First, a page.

bhtooefr - You are obviously well versed in HP technology. I tinkered with the Aplet generation for the HP39GII with Conn4X and could not get the screen grab to work. I think the sotware was desgned to run on Windows 3.1 using COM ports and was a bit clunky. I got a bit disallusioned with the lack of web support and defected. So did you program straight to "Basic" without the Aplet building process ?
DJ_O wrote:


By the way, this is what you can do in pure BASIC on a HP 39gII (even with no scrolling/screen shifting command):




This could also be a reason I like it. But I think it's because it's shiny.
I've not actually done anything with the 39gII, and don't have one. (I grabbed the emulator, but no RPN mode == little interest.)

Anyway, the 39gII connectivity kit isn't Conn4x (unless I'm missing something here). Conn4x (and I assume ConnX3 for the RPL-based 39/40 calcs is the same way, but the 39gII is very different) is an incredibly dated program, and the RPL HP calcs don't work like TIs, you have to explicitly command them to link up to a host (enabling the Xmodem or Kermit server). If you're using the Aplet Development Kit, I don't believe that will ever work with the 39gII - it's designed for the very different, almost completely unrelated (except for UI conventions) 39G/40G/39g+/39gs/40gs.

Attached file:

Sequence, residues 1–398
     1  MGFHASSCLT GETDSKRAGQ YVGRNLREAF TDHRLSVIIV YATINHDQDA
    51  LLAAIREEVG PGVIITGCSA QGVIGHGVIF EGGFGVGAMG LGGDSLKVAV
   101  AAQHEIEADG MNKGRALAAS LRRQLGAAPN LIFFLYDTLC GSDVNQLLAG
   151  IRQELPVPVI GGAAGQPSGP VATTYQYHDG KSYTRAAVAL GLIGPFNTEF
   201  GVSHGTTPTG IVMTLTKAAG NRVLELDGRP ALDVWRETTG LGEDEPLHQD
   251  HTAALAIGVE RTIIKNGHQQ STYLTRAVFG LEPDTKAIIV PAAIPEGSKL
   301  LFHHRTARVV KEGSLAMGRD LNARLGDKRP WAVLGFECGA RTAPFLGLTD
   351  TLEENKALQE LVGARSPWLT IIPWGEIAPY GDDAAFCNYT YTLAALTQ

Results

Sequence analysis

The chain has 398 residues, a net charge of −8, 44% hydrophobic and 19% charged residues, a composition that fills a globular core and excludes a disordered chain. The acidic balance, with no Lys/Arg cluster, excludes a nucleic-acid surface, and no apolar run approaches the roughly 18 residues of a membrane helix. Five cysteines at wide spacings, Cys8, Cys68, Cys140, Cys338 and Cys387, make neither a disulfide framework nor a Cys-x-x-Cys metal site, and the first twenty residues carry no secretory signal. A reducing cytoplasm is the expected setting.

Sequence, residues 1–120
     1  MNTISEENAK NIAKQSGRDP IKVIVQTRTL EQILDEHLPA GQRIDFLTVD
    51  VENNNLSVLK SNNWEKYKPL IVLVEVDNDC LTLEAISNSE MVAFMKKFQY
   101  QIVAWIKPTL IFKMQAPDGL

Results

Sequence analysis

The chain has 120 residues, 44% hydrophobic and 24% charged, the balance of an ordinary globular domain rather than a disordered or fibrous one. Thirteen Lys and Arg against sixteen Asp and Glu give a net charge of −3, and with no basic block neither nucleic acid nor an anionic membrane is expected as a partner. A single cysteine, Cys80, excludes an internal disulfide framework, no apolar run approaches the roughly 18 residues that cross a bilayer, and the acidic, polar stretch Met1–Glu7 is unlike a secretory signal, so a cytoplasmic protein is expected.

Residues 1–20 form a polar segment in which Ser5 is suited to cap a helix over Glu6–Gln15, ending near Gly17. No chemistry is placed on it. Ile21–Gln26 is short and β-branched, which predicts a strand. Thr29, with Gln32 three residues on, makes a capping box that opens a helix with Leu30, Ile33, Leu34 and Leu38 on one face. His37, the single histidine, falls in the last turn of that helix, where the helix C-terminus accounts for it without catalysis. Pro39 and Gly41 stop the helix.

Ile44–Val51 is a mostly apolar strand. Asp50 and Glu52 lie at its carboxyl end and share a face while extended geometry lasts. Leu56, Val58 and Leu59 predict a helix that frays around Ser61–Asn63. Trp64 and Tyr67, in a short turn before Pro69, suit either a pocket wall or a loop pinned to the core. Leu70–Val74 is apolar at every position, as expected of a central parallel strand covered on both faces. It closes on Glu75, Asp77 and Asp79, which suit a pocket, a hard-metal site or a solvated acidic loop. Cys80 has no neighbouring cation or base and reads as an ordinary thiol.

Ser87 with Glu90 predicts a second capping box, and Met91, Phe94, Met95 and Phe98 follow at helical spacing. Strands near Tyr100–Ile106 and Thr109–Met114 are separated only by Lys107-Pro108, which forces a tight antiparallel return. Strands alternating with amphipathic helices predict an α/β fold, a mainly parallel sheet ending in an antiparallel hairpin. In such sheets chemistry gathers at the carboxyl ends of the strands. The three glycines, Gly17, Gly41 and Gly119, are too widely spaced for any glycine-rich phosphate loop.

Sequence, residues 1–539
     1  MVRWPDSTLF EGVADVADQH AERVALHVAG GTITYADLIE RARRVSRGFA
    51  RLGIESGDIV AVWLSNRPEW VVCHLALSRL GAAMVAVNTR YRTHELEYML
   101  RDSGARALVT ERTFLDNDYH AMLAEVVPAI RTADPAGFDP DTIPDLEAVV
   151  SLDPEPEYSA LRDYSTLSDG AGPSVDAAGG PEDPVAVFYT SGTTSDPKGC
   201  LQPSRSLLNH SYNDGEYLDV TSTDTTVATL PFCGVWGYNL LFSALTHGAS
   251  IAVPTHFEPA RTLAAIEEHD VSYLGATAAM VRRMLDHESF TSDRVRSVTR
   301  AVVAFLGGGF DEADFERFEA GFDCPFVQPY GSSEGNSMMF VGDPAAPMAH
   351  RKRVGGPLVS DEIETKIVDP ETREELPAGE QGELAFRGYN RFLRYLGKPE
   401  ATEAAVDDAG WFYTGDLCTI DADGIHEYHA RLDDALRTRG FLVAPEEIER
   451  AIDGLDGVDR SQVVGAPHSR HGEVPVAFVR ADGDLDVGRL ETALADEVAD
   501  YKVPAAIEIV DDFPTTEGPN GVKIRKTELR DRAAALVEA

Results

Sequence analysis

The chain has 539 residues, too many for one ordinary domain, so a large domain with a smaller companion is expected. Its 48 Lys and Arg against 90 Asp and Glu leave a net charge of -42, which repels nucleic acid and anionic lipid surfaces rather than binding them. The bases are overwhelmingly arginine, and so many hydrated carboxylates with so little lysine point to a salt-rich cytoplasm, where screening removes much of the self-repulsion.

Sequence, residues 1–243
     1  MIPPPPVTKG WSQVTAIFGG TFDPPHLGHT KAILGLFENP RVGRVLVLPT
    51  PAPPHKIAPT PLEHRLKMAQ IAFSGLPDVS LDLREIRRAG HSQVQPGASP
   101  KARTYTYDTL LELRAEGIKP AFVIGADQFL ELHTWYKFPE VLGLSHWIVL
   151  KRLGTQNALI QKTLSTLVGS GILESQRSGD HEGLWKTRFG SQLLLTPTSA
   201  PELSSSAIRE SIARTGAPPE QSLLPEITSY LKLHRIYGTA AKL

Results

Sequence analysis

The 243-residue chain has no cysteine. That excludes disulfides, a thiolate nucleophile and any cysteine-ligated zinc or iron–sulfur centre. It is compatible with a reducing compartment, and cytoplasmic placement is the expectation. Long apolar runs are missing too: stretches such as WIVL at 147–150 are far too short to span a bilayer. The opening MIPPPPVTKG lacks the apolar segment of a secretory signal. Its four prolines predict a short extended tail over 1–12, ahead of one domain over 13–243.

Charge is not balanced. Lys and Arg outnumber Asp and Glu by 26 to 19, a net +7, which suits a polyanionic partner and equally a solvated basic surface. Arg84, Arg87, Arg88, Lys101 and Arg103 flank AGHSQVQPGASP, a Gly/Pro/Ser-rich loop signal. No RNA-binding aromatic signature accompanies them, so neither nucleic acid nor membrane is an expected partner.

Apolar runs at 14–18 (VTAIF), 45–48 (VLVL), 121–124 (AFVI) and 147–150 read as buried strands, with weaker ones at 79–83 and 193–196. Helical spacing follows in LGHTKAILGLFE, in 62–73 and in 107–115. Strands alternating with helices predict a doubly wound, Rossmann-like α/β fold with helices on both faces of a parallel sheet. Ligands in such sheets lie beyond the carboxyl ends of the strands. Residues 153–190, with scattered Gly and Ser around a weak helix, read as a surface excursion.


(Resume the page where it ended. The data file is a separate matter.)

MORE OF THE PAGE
Any time frame on when more info will be available? I'm curious about it.
Info's been slowly tricking out on the Museum of HP Calculators forum (the organization is... almost non-existent, and rather confusing, but the technical content is honestly pretty amazing), and you can find some tidbits here and there on HP's own calculator subforum. You might also find some tidbits on the comp.sys.hp48 newsgroup, but given that the 39gII and Prime are a new platform unrelated to the HP-48, it's out of scope on that newsgroup.

The interesting thing is how the MoHPC forum treats the 39gII. It's clear that it's considered this "other" thing that lacks RPN and therefore isn't quite worthy (that forum consisting heavily of RPN faithful, me being part of that set), but there's definitely interest in how that machine ticks (especially given that Tim Wessman (one of the engineers of HP's calculators) has explicitly said that the 39gII's software is the basis of every high-end graphing calculator to come).

I'd go so far as to say, if you want to get used to how the Prime works, grab the 39gII emulator if you haven't already.